Nearly a year after they were sent home amid growing concerns regarding the novel coronavirus, members of the Class of 2021 are now preparing for the culmination of their undergraduate studies.
Before attaining their coveted degrees, however, many seniors must overcome the last few hurdles of their college careers — job interviews, graduate school applications, and for some, senior theses.
For many seniors, the thesis-ing process has been complicated by snowstorms, closed labs and libraries, and Zoom fatigue, which has prompted some departments to push deadlines.
However, for seniors pursuing theses in studio and performing arts concentrations, the show must go on.
Seniors from those concentrations — Art, Film and Visual Studies, along with Music and Theater, Dance, and Media — have spent the past year navigating shutdowns in rehearsal and performance spaces and the impossibility of full in-person collaboration.
In the wake of these challenges, seniors said they responded with varying degrees of both technical and artistic adaptation to tailor their projects to a pandemic-laden world.
“I could not have done this specific project had this year been different, had it not been in a pandemic, had I been at school like a normal year,” said Ellen L. “Elle” Shaheen ’21 of her TDM performance thesis. “I could not have made it a year ago or a year in the future. It would be totally different.”
‘A Very Different Headspace’
Many seniors working on Arts theses found inspiration for their projects out of the uncertainty that began last spring.
Benjamin P. Wenzelberg ’21-’22, an English concentrator with a Music secondary who is taking a gap semester, said his thesis responded to the emotional turmoil enveloping the world.
Wenzelberg explained how the pandemic and his gap semester gave him a “very different headspace” to work on his thesis, which is a commissioned opera for Lowell House Opera that adapts episodes of James Joyce's Ulysses.
“My thesis asks the question, fundamentally, of what home is, what it means to lose your way from home, and how to return to it,” he said. “Especially in this time, when all of us are isolated and trying to understand what that means.”
Natalie J. Gale ’21, a joint concentrator in History and Literature and AFVS, said the circumstances of the coronavirus lockdown largely shaped her thesis.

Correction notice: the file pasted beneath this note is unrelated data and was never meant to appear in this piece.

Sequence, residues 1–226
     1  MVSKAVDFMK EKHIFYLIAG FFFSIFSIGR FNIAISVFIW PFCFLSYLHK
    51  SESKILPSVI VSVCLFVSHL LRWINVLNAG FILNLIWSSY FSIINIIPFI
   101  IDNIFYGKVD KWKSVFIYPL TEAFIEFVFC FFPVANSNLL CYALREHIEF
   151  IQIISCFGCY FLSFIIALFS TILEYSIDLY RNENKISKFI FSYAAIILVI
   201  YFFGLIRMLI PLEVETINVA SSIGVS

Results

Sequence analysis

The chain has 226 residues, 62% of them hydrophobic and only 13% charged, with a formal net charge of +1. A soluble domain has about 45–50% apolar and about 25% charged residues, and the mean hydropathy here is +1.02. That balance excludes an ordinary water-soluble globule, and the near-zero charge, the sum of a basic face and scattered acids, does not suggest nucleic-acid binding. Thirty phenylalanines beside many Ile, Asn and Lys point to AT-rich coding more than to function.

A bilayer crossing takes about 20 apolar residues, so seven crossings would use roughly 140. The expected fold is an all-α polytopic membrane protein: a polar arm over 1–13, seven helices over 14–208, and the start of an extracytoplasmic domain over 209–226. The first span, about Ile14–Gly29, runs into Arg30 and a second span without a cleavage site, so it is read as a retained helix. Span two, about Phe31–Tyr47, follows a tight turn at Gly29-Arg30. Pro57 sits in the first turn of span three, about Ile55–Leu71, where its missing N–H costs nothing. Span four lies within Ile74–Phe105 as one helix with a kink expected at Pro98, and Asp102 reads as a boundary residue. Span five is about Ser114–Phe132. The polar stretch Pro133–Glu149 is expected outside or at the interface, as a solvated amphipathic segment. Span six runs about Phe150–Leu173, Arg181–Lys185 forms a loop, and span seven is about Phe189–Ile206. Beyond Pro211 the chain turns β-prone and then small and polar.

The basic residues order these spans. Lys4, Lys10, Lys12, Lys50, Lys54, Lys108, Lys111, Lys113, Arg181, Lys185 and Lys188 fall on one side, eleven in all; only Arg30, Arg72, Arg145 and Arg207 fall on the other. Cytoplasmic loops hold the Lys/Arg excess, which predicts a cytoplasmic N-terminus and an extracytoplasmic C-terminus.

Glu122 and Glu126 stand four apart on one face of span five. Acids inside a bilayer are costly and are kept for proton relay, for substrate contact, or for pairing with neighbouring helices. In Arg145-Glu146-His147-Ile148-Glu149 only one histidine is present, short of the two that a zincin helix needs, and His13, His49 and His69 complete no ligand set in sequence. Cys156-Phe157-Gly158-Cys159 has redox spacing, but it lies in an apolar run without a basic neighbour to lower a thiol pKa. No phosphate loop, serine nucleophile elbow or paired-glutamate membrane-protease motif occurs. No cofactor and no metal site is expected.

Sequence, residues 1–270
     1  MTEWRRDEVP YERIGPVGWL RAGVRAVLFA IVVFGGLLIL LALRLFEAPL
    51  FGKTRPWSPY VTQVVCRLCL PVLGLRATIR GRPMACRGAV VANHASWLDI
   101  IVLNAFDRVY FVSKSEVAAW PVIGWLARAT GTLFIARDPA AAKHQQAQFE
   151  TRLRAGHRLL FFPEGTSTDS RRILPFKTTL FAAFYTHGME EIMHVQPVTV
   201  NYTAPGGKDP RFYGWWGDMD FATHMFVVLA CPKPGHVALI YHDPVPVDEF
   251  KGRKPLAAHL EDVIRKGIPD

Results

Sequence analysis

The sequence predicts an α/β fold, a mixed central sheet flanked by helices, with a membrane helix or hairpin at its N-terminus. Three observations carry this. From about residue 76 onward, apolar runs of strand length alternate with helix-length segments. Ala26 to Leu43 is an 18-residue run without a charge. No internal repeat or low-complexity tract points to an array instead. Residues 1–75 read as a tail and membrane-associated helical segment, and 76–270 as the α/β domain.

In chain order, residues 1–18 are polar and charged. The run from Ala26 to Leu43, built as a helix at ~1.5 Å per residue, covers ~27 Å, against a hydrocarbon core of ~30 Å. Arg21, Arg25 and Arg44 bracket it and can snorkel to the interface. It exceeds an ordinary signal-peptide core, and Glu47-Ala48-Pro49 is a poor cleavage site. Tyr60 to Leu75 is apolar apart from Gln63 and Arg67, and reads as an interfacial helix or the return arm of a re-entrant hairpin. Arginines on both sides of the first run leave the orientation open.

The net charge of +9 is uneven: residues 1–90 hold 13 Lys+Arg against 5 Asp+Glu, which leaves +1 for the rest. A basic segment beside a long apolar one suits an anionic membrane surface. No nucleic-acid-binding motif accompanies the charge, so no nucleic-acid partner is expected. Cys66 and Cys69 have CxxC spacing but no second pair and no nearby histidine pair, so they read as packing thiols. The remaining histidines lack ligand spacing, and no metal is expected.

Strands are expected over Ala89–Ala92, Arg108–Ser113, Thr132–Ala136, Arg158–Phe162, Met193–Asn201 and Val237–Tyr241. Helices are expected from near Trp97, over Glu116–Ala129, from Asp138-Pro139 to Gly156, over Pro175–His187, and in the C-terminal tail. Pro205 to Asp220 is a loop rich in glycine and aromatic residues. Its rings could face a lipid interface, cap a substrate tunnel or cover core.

“I really started thinking about rural space as I went back to my home in Maine last March and as all my friends similarly scattered to mostly less urban places across the country,” she wrote in an email. “Super concretely, though, my creative thesis is what it is solely because of the pandemic.”
Alongside an analytical paper, Gale will present a short film, online gallery, and photobook exploring the relationship between lesbian feminist separatists settling on ancestral Siletz land and her own queer community’s relationship to “rural space and settlerism.”
“I spent the fall road tripping to do outdoor, socially-distanced photoshoots with a bunch of queer households located all around rural New England, which obviously would never have happened if not for the pandemic,” she said.
Christina Yee ’21, also an AFVS concentrator, said her thesis evolved from a project exploring the day-to-day influences of branding and marketing into a website that allows viewers to interact with a fictional brand.
“At first when I submitted my proposal, it was definitely more focused on creating something physical,” she said. “As things evolved, I really had to consider how to best convey this experience to people who won’t be able to hold this thing in their hands, and the best solution was the website.”
Devonne D. Pitts ’21, a joint concentrator in TDM and History and Literature, also reshaped her performance thesis, which is a play that explores the question: “How do we deal with death and what happens when we don’t?”
Pitts described how she had to adjust to this question given the barrage of headlines and personal narratives of the past year.
“I was asking the question in what felt like (and continues to feel like) a shifting social paradigm,” she wrote. “My thesis advisors were super helpful in guiding me through those questions by encouraging me to reflect on how these events were affecting me personally.”
‘Deepening of Connections’
Whether they physically traveled to to produce their theses or did most of their work from home, seniors found unexpected connections and personal discovery in their various locations.